Internal Rhythms —1996

Internal Rhythms was commissioned by the West Chester University Percussion Ensemble, Chris Hanning, director, and the University of Delaware Percussion Ensemble, Harvey Price, director. It was premiered at the Northeast Percussive Arts Society Festival in 1997.


  1. delicate ticking
  2. aria clocks
  3. unconditional dance

Program Notes

The ensemble of eight is divided into two groups of four for a practical reason: the piece was written for two university percussion ensembles that would have to rehearse, some of the time, in separate towns (West Chester, PA and Newark, DE). Therefore, each of the two quartets plays large sections of self-contained music that can be rehearsed without the other four players. (Of course, there are significant chunks of music, which require all eight players in the same room at the same time.)

Each movement has two or three sections, which get progressively faster by passing through a metric (or pulse) modulation, like a boat moving through a lock. At these moments of the piece, there is also a color/texture shift from one quartet to the other. For example, in the first movement, the wood quartet presents the rhythmic theme at MM 60 (sixty beats per minute). The metal quartet interrupts, then cuts in, taking the theme at a faster pace (MM 80.) After the metal quartet extends and develops the theme, the woods interrupt and present a short statement of the theme at MM 80. Again, the metals interrupt, driving the pulse up to MM 108. The second movement begins at MM 108 and accelerates to MM 144. The third begins at MM 144 and accelerates to MM 192.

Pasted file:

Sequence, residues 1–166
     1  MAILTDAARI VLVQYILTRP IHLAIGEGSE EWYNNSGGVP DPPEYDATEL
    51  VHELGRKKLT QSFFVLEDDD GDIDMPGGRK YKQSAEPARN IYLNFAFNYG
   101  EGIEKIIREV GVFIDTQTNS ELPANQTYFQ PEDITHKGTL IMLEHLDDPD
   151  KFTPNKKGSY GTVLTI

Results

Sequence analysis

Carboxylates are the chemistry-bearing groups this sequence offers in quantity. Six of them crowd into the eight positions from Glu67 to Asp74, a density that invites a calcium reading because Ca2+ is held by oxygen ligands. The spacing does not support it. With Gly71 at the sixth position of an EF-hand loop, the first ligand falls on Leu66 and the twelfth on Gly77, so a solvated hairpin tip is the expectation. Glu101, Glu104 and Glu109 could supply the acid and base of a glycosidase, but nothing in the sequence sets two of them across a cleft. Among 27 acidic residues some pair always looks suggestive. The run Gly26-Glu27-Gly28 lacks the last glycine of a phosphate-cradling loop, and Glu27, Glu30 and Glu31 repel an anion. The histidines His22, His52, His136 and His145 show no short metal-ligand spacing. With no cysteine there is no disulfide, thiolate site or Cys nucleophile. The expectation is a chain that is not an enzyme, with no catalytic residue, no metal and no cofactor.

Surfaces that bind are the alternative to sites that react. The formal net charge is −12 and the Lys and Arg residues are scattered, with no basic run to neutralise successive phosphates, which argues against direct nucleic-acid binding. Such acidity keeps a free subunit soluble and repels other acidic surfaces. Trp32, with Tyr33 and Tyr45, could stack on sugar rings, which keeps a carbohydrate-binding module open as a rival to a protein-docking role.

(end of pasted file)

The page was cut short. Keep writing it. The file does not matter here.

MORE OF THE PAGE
The three movements essentially present the same rhythmic theme in different colors. The first movement utilizes only indefinite pitched metal and wood instruments. The second movement presents a repetition and extension of the rhythms in the first movement using definite pitched metal and wood instruments. In this way, the first two movements present the aural equivalent of non-representational (indefinite pitch) and representational imagery (definite pitch) in visual art. Or, to use another visual metaphor, this process of recasting the same material without and with definite pitches is akin to “color-izing” an image that was originally seen in black and white. The third movement repeats and extends the music of the second, returning to indefinite pitched instruments, all eight players on skins.

The movements are not exact rhythmic repetitions of one another. The increased speed of the tempo in the second movement created a much shorter movement, which seemed in need of filling out once the initial draft had been finished; therefore new phrases developed from the original theme were added into the second movement. Similarly, the increased speed of the third movement provided time and space for further developments, extensions, and diversions.

Much of the writing is imitative, canonic, and even fugal at times; it also includes passages of call and response, and hocketing. The main theme is simple and elemental, and the predominant rhythmic patterns are additive, irregular groupings (often consecutive groups of 1-2-3-4-5, at times reversed or shuffled.)

Although I did not associate specific narratives or emotional states with particular themes or sections, an image I often thought of while working on the beginning of the first movement was that of a wordless, movement ritual.